EVERYTHING seemed ridiculously far away from everything else for some reason. One night we went to this bar for a pre-dinner drink that was like a 25 minute drive away from my friend's house (she lives near Barton Springs park) and then we went to this place for dinner that was another 25 minute drive away. What really bothered me was how industrial everything was. Maybe they have some strange zoning laws that other cities don't have, but everyplace we went to seemed to be in an industrial-type area. For example, one night we went for drinks before dinner at this bar (supposedly one of the best in Austin) and it was in the middle of nowhere, situated between a thrift shop and an auto-parts store. Then we went over to this really good French place for dinner (was like a 15 minute drive away, no surprise) that was on some sketchy industrial side road (think Westinghouse Blvd but quieter and sketchier). The restaurant was literally across the street from a propane tank shop and next to another auto parts place. It drove me bananas having to drive (or pay for a ride share) to to everywhere from place to place. The day I flew out, we stopped for coffee at this minimalist coffeeshop next to a bathroom tile warehouse and across the street from what looked like a discount auto dealership.

The transit system is essentially non-existent. 

Every single person I encountered/met there kept RAVING about how much they loved living there and really wanted me to remark how cool of a place it was and that I wanted to move there. I went to this party my friend's co-worker was hosting and I recall this one woman at the party being visibly uncomfortable when I told her "no" when she asked if I wanted to move there.  It was honestly so annoying, and something I have never encountered elsewhere in my travels. 

To me, Charlotte is a much nicer city. CLT has a much nicer, more dense downtown (with actual stuff to do), and transit system that is 100% better. Bigger airport. CLT's "hipster" bars/restaurants I would argue are much more concentrated and centrally located within neighborhoods that seem more walkable than Austin had. 

The ONLY thing I would give Austin is I thought the area was geographically beautiful, and a lot of the homes are extremely modern architecturally, which I liked. 

Edited by LKN704
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That is similar to how I feel about Nashville. Outside of Broadway, I don’t see the appeal. And I’ve been to every large U.S. city. What Nashville has going for it is its brand. I have had four girl friends that are from Charlotte move to Nashville after college. Each one of them returned after a year or two. They always have the same reply: “Nashville was fun in the beginning, but it got old quickly. Charlotte’s a better place to live.”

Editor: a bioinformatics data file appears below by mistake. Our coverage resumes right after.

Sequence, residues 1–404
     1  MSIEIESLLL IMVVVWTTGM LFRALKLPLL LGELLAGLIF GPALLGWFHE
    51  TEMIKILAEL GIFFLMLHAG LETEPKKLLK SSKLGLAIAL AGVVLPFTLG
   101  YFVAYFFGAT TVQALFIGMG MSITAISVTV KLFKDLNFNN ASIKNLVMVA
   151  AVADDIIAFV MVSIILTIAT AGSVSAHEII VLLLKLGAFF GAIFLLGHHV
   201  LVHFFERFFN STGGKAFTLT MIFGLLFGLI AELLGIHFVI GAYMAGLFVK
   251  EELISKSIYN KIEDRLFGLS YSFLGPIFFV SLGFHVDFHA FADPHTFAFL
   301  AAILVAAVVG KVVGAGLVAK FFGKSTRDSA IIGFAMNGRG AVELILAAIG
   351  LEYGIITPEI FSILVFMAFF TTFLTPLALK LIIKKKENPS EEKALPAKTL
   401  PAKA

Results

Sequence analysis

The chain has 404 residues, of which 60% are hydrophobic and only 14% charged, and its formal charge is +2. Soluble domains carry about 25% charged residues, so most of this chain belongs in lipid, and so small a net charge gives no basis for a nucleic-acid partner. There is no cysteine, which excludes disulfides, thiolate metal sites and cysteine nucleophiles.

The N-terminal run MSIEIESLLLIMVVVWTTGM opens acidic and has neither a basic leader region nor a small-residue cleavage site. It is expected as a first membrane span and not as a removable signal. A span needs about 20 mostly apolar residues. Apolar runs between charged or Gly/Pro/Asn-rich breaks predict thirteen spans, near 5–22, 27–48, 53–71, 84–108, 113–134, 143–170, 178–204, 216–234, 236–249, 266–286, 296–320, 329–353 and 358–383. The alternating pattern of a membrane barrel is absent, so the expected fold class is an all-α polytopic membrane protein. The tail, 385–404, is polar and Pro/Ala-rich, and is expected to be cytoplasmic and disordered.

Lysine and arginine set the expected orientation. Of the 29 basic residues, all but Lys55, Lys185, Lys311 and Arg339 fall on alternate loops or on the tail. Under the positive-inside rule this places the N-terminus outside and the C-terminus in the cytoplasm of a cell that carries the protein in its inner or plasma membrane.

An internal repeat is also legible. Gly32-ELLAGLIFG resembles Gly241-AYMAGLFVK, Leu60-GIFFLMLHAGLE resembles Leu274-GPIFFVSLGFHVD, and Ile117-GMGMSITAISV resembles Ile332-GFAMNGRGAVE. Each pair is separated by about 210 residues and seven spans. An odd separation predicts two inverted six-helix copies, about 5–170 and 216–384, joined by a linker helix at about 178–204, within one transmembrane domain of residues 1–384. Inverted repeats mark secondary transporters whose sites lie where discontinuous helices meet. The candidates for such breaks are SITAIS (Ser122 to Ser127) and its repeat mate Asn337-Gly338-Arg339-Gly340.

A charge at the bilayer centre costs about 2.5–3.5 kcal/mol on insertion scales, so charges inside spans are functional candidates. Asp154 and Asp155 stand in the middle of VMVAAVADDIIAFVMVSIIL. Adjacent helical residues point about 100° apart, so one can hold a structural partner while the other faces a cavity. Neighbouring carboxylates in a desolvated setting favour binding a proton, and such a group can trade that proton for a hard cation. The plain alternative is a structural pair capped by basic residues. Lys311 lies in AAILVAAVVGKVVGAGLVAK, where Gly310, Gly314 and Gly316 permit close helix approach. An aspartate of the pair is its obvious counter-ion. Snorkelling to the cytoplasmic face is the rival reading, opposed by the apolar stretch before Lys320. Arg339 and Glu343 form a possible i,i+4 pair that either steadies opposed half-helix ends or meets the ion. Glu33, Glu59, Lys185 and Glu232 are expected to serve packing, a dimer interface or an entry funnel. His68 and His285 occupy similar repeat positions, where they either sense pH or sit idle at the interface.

What I love about Charlotte is there is something for every type of person. The best thing that could happen to our city is the continual growth and maturation of our very different neighborhoods and their identities. The friends I mentioned grew up with me in the Charlotte suburbs. They went to college and didn’t pay much attention to what was developing here. I did pay attention and moved back after college and saw a whole new city with unique neighborhoods surrounding Uptown and a whole lot more to do. They discovered the same eventually and developed a new appreciation for their city. Now one lives in South End, one in Dilworth, one in NoDa, and one in Plaza Midwood. None of them knew of 3 out of 4 of those areas while growing up here.

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Both Austin and Nashville are on my list of highly overrated places. I enjoy both of them, but the outsize 'appeal' for what is there is pretty unbelievable to me. The only thing I'd trade for in those cities is their water features near the center and their great marketing campaigns. Even their 'signature streets'-- E 6th is Austin and Broadway in Nashville--are places I kept well away from after my first visit.

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I've never been to Nashville, but I probably wouldn't like it based on I am not into BBQ or Country Music (granted anything Southern to be honest). I have friends that have gone and they either loved or hated it. One of my friends said outside of New Orleans, Nashville was the dirtiest, smelliest city in the country she has been to. "It smelled like a garbage dump" is what she told me when I asked her how it was. 

Back to Austin, I would say that in generally Charlotte exudes a much more "cosmopolitan" or "international" vibe than Austin possesses. Another thing that puzzled me about Austin is that I couldn't figure out where everyone lived. Outside of areas that were obviously residential, I rarely saw houses. Driving from the airport to my friend's house, it essentially looked like industrial prairie land. Generally speaking, Charlotte just "feels" like a city. 

I do agree though that their chamber of commerce must be amazing, because I met a lot of foreigners (Brits, Germans) who were there on vacation, and I found that bizarre. The city clearly has a much more internationally recognized brand. A plethora of international airlines serve the city (Aeromexico, Air Canada, British Airways, KLM Royal Dutch, Lufthansa, Norwegian, and WestJet) so clearly their marketing campaign is working internationally. Charlotte doesn't even have nonstop flights to Amsterdam. I would be interested to see what exactly the city did going back 15-20 years to brand the city.